This paper examines the unarticulated assumptions of the RAND Corporation’s Cold War form of reasoning, which gave us notions like collateral damage. RAND came into being during the transition from the military mobilization of the Second World War to the general mobilisation of the national security state of the Cold War. An initiative of the American Air Force, Project RAND was initiated in order to ensure US military readiness and superiority. RAND focused on forecasting techniques and methods that would provide economical and technical policy solutions to military problems—and, later, to social and political ones. It fashioned military procedures, techniques and technologies of codification, shaped by formalistic-statistical reasoning, in order to render the Cold War order visible and articulable. It was in this context that “collateral damage”, and a host of related notions, made their appearance. They appear as codifications of contingent events and (un)controllable probabilities. For example, RAND developed a family of models called SNAPPER (for Strategic, Nuclear Attack Program for Planning and Evaluation of Results) to address the uncertain damage that would result from a Soviet nuclear attack on the United States. In the context of a global geopolitical conflict distinguished by a fierce competition between two universalist ideologies, both intent on saving humanity as a whole, RAND’s formulations acquired an additional humanitarian normative dimension: they were now conceived as damage-limiting technologies designed to save civilian lives. The enemy population was thus conceived as an indispensable factor in designating the optimal course of action at the strategic level. In this paper, I argue that the sort of universalism that RAND’s reasoning embodies is only capable of including by excluding. Although the enemy population becomes internal to its logic, it is internalised only as collateral damage, or human waste. In this framework, while designations like collateral damage appear factual, neutral and tragically unavoidable, in actuality, they designate those who deserve to live and those who are fated to die.

Ihab is a Visiting Research Fellow at the University of Sydney. Previously Ihab worked as a lecturer in the Human Rights program and a coordinator of the Social Justice Research Network, both at the University of Sydney. In 2015, he completed his PhD on ‘The Birth of Think Tank: Theory, History and Politics in the Long American Century’ form the University of New South Wales.


Is Human Dignity a Supremacist Concept? 

In a recent book, Jeremy Waldron has reconstructed the idea of human dignity, so fundamental in the contemporary discourses on human rights, as a "status" concept rather than as a "moral" concept referring to the "absolute worth" of persons. On Waldron's view, human dignity would signify the "elevated" status of the human species, granting each member of the species the immunities and powers or capacities we associate with human rights. More recently still, advocates of animal rights such as Will Kymlicka have argued that human rights should not be linked to a conception of status because the latter inevitably assumes "human supremacism" over other species. In this paper, I wish to defend the reading of dignity as a status concept, but offer an interpretation of this idea that diverges crucially from the humanist and Christian interpretation offered by Waldron in favour of a reading that avoids charges of speciesism and human supremacism.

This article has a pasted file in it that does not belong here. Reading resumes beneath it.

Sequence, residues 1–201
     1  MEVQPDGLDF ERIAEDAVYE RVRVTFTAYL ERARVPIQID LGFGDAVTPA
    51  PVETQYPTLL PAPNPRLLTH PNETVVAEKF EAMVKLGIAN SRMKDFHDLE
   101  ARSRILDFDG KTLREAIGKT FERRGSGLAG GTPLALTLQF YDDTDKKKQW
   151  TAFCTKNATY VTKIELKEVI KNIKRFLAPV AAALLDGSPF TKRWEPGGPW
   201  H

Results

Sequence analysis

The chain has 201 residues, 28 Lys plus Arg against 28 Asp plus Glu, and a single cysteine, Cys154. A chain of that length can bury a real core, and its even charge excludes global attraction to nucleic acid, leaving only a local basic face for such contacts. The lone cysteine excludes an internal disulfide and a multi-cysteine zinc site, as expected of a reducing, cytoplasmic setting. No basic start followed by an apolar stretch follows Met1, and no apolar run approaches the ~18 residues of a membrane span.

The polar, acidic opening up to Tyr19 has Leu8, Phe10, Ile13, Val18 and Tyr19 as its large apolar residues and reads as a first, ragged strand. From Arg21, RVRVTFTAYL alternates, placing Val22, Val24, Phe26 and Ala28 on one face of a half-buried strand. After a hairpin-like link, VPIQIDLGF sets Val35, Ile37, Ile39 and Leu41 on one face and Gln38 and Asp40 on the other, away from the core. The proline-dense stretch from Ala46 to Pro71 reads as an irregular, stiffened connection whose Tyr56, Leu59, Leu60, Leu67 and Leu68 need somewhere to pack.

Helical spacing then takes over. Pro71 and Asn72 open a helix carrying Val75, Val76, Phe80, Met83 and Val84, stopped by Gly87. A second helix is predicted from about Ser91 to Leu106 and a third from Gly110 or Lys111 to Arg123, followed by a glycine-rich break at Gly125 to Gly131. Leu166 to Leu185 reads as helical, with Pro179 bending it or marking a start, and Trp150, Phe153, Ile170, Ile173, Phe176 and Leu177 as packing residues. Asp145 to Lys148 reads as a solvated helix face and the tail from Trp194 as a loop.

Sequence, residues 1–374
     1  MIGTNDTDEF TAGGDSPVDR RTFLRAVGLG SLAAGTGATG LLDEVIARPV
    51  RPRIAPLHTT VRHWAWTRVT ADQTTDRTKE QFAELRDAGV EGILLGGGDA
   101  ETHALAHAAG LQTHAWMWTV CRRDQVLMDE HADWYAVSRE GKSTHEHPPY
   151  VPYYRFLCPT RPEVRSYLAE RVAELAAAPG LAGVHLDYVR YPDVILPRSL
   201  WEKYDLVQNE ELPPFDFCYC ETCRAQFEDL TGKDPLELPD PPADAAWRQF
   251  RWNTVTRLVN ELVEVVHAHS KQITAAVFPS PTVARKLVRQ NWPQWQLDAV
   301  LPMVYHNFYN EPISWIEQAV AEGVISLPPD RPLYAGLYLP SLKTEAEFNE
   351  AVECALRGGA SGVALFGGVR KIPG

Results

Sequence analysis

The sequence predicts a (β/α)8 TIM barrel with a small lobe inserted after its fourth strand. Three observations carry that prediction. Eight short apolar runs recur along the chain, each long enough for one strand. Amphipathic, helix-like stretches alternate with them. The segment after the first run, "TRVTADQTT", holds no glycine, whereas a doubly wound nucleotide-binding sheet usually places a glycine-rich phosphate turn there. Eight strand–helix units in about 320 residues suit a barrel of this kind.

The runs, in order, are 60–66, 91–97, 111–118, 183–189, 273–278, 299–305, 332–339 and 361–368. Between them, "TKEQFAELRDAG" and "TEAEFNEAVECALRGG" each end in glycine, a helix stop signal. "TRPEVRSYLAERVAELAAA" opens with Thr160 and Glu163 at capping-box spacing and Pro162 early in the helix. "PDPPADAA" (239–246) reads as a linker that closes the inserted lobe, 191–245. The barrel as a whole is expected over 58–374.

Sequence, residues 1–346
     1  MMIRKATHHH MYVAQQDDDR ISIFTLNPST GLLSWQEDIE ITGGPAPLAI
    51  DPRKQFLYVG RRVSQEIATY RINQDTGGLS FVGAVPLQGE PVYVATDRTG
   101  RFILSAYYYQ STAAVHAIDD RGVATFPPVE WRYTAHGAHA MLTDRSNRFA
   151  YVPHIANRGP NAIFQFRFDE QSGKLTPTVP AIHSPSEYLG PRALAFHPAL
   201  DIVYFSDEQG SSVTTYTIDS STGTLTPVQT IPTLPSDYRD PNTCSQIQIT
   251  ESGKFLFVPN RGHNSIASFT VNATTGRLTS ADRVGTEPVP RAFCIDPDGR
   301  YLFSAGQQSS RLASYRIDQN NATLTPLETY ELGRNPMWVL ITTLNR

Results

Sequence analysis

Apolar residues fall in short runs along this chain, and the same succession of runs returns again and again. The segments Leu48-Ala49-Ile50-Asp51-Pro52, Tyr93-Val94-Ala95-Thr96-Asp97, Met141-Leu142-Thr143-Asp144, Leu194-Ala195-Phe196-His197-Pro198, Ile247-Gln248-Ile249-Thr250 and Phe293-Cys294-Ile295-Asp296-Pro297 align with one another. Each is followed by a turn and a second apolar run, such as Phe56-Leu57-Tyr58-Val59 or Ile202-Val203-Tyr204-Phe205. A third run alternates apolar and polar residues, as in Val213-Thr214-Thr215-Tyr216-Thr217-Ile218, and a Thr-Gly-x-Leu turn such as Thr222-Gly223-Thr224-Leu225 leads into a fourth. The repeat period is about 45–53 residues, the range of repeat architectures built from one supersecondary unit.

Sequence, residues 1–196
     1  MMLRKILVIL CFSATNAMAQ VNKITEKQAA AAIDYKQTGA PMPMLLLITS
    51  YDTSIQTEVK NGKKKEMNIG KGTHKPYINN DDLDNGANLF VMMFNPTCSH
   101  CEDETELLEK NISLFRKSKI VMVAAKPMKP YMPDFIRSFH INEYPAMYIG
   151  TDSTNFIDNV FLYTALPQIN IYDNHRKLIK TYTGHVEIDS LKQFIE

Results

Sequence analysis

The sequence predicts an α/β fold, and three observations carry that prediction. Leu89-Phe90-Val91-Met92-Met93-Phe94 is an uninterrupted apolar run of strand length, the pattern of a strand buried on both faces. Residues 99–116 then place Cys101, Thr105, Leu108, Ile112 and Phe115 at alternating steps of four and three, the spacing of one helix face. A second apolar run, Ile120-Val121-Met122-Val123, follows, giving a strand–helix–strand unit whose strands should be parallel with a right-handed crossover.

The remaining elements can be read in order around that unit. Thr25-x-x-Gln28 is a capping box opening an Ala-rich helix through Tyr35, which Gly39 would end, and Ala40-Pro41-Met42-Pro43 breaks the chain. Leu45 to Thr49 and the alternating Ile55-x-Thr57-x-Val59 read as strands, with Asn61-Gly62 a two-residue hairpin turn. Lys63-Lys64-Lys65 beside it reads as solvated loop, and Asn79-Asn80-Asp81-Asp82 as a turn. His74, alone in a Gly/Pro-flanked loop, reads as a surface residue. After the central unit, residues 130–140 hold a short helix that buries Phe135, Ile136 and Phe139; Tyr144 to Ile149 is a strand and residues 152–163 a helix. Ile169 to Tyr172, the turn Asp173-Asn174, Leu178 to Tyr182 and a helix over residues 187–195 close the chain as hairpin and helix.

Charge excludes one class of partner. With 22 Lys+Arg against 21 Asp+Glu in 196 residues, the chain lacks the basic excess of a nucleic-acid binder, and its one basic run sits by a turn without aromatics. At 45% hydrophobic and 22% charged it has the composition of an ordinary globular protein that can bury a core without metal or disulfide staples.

Miguel taught politics at UNSW until this year and will be teaching politics at Flinders. His areas of research are republicanism, biopolitics, and political theology. His most recent book is "Republic of the Living. Biopolitics and the Critique of Civil Society" (Fordham 2014).


Just War, Humanitarianism and the Protection of Civilians

In 1974, when the International Commission of the Red Cross called a “Diplomatic Conference on the Laws of War” in Geneva, the United States approached the conference “more as a hazard than an opportunity”, as the head of its delegation, George Aldrich, reflected at the time. While the US hoped that the ICRC sponsored event would provide a “neutral and humanitarian” forum for discussing the laws of war, these hopes were soon dashed, and Aldrich was left to reprimand delegates to “stop treating the conference as an extension of the United Nations General Assembly.” Inevitably, the debates during the Diplomatic Conference were influenced by the new balance of power in the General Assembly in the period of decolonisation. Armed with a series of recent UN resolutions, anti-colonial delegates arrived at the ICRC Conference determined to see national liberation struggles classified as international armed conflicts, and privileged belligerent status (and thus prisoner of war provisions) extended to national liberation fighters. In doing so, they used the language of the “just war” to distinguish wars of national liberation from wars of “imperialist aggression”. In this paper, I contest the argument, made by the US delegation at the time and by recent historical scholarship since, that anti-colonial evocations of the just war resurrected a medieval licence to cruelty, and served to diminish civilian protection. Far from believing that all was fair in a just war, I show that anti-colonial delegates also fought for stronger legal protections for civilian populations. While the anti-colonialists argued that all “civilian areas should be regarded as prohibited targets,” the US managed to secure more permissive standards of so-called “collateral damage”, The “neutral humanitarianism” upheld by the US and European powers against the anti-colonialists, was quite capable of sanctioning massive violence against civilians.

Jessica is a Senior Lecturer in Cultural and Social Analysis at the University of Western Sydney, Australia and an Australian Research Council DECRA Fellow. Her monograph, Catastrophe and Redemption: The Political Thought of Giorgio Agamben, was published by SUNY in 2013. Her forthcoming book Human Rights and the Rise of Neoliberalism will be published by Verso in 2018. She is currently working on a three-year Australian Research Council-funded project, “Inventing Collateral Damage: The Changing Moral Economy of War.”